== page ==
Tommy Wasserman has committed to writing more exhaustively on the conference highlights. I offer here some preliminary highlights. Almost every paper at the conference was excellent. My highlights ignore the many excellent overviews (e.g. by Gamble, Trobisch, Tov, Clarkson, Shenton, Parker, Epp, et al.) as well as the parallel sessions which I did not attend. This felt like a historic event.
Father Justin announced that a new fragment from Judges may have been located in the monastic library. He also described plans for the construction of a new library at St Catherine’s which will include conservation facilities. These new facilities take two or more years to complete.
Tim Brown explained the potential discovery of a new scribal hand in Sinaiticus. If he is correct, hand B will now need to be split into B1 and B2. Perhaps, (per Brown) one scribe was training the other. The hands differ in how they render Alpha and Lambda, among other characters.
The Danish scholar, René Larsen, who works with IDAP, described how one can determine the animals used to create a particular sheet of parchment. I may blog more on this in weeks to come. Additionally, he also described the potential to localize the provenance based on spectrographic analysis; impurities in the water and the type of substances used in preparation may suggest specific regions. If I remember correctly, Sinaiticus is mostly cow with a few sheep thrown in.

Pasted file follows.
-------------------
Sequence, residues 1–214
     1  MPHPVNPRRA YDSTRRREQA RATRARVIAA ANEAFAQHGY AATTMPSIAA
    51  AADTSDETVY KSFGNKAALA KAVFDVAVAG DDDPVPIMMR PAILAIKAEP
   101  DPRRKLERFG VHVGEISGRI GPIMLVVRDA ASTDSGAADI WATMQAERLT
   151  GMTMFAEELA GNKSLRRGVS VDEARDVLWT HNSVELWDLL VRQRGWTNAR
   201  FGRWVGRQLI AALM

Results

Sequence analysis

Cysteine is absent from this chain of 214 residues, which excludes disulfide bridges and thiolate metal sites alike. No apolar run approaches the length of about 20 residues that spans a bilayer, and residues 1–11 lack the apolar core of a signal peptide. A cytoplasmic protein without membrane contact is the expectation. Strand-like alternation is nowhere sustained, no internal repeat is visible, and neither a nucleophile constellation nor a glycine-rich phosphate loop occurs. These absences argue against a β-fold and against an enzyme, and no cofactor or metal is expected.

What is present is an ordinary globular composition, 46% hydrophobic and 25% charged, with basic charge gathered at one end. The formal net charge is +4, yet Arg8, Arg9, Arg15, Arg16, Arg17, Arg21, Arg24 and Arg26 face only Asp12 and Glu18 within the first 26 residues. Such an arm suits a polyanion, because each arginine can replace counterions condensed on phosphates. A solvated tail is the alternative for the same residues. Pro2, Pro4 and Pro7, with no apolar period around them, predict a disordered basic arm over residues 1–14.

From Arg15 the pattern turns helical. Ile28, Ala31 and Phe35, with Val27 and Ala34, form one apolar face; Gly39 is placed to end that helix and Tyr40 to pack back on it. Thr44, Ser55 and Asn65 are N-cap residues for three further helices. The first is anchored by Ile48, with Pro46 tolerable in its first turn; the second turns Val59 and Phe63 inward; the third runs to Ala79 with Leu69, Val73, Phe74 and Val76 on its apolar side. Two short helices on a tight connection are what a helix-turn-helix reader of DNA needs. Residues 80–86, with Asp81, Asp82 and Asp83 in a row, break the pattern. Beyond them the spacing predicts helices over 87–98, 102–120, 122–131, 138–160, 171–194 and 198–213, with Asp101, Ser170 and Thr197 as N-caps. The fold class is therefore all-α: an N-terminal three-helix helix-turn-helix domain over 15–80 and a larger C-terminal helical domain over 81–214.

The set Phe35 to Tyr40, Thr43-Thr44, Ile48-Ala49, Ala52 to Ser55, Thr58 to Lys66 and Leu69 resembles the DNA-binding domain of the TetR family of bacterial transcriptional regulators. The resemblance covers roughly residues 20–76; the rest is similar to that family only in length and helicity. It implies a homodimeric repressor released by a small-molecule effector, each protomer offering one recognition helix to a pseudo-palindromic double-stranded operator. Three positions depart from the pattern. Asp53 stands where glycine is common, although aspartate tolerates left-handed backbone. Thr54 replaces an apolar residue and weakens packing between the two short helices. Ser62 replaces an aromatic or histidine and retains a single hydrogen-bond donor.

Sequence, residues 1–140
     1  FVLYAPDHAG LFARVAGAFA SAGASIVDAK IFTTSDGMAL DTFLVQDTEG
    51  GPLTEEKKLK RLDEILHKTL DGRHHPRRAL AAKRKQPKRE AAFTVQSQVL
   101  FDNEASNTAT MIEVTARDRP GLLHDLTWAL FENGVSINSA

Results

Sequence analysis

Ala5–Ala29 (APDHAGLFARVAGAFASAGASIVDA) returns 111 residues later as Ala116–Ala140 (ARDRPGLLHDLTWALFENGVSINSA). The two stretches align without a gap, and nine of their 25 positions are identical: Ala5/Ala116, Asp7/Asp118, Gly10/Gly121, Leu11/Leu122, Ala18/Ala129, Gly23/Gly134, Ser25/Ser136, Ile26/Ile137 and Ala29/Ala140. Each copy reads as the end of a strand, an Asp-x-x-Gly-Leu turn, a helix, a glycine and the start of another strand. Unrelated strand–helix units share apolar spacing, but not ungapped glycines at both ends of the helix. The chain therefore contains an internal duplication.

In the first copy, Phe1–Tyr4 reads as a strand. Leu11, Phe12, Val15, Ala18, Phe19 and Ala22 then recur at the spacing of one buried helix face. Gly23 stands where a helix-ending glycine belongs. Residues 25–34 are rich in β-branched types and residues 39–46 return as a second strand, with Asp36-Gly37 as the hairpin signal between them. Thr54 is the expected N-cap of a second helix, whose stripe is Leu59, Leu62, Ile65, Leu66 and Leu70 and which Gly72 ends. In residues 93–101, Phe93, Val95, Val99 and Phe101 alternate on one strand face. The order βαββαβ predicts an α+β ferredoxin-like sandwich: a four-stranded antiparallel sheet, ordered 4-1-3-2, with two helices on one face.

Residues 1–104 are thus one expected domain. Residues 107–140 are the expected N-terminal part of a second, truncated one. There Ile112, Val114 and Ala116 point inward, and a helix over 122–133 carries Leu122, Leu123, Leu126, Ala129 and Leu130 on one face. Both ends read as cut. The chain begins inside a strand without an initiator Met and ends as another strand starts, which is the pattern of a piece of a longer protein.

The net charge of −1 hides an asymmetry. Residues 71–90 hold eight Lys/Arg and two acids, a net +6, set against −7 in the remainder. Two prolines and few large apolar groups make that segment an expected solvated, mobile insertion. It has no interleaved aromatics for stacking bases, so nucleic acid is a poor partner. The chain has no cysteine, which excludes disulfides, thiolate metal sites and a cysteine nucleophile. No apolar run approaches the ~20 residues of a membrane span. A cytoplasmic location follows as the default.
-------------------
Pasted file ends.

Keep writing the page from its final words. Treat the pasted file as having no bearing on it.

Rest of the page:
If you have the opportunity to visit the display at the British Library, you will be fully mortified by the video documenting the reception of the manuscript in 1934. One can watch the “conservators” take the manuscript out of the tin and accost it in every way possible. I also enjoyed the letter from a seven year old who sent in his 2/6’s for the £100,000 subscription. Apparently, the public contributed substantially to the purchase and received the manuscript with much fanfare.
Klaus Wachtel will henceforth be known as “Dr. Byz” thanks to a statement by David Parker. His presentation on the corrections demonstrated that the primary corrector was not as Byzantine as some have suggested. Wachtel offered two savory tidbits in the Q&A. First, he challenged the misconception that א and B had similar texts; in comparison to the agreement of the Byzantine tradition, this is far from true. Second, he stated that the closest text to the corrector under question was, in fact, the main text of Sinaiticus.
Ulrich Schmid analyzed a fascinating variant from Psalm 14:1–3 / Rom 3:10–18, questioning the presumption that deviant Septuagint references in the New Testament should be assumed as interpolations based upon (e.g.) christological agenda. Schmid noted in particular that Sinaiticus had the longer version passage (=Rom 3:13–18) in the Psalms, but a (Christian!) corrector marked it for deletion.
If you have not yet seen the digital edition, do so here.